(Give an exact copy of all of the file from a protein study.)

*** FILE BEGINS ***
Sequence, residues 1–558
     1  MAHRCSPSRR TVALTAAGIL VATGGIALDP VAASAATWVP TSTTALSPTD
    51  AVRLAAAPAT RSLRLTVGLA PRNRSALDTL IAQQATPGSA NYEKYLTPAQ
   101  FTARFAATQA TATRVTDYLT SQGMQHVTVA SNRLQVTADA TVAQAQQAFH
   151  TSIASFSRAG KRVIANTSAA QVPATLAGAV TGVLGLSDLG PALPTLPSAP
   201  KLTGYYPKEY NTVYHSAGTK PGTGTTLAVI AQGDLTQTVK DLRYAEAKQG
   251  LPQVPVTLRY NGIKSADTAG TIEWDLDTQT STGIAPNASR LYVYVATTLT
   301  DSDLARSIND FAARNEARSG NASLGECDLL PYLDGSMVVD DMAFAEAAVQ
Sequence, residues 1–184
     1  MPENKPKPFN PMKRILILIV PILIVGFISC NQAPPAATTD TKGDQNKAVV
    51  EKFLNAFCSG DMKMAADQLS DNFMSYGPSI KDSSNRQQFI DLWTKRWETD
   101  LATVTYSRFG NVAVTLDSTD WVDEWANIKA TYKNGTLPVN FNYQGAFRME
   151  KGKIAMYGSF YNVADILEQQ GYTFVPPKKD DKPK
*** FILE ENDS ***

Sequence, residues 1–558
     1  MAHRCSPSRR TVALTAAGIL VATGGIALDP VAASAATWVP TSTTALSPTD
    51  AVRLAAAPAT RSLRLTVGLA PRNRSALDTL IAQQATPGSA NYEKYLTPAQ
   101  FTARFAATQA TATRVTDYLT SQGMQHVTVA SNRLQVTADA TVAQAQQAFH
   151  TSIASFSRAG KRVIANTSAA QVPATLAGAV TGVLGLSDLG PALPTLPSAP
   201  KLTGYYPKEY NTVYHSAGTK PGTGTTLAVI AQGDLTQTVK DLRYAEAKQG
   251  LPQVPVTLRY NGIKSADTAG TIEWDLDTQT STGIAPNASR LYVYVATTLT
   301  DSDLARSIND FAARNEARSG NASLGECDLL PYLDGSMVVD DMAFAEAAVQ
Sequence, residues 1–184
     1  MPENKPKPFN PMKRILILIV PILIVGFISC NQAPPAATTD TKGDQNKAVV
    51  EKFLNAFCSG DMKMAADQLS DNFMSYGPSI KDSSNRQQFI DLWTKRWETD
   101  LATVTYSRFG NVAVTLDSTD WVDEWANIKA TYKNGTLPVN FNYQGAFRME
   151  KGKIAMYGSF YNVADILEQQ GYTFVPPKKD DKPK